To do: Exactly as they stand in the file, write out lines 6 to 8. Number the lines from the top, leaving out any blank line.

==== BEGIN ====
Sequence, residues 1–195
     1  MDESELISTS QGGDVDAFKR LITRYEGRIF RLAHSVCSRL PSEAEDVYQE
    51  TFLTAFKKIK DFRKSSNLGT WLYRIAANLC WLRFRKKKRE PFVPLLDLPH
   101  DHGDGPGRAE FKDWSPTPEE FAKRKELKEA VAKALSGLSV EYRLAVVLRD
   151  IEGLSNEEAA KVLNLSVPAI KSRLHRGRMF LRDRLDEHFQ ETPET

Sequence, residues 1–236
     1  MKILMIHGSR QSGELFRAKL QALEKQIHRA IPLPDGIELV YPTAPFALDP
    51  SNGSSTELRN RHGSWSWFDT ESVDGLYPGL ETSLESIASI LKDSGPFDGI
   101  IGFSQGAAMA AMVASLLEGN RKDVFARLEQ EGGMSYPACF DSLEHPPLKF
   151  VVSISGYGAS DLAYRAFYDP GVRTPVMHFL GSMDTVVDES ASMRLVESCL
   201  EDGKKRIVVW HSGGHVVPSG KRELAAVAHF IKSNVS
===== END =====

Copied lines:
Sequence, residues 1–236
     1  MKILMIHGSR QSGELFRAKL QALEKQIHRA IPLPDGIELV YPTAPFALDP
    51  SNGSSTELRN RHGSWSWFDT ESVDGLYPGL ETSLESIASI LKDSGPFDGI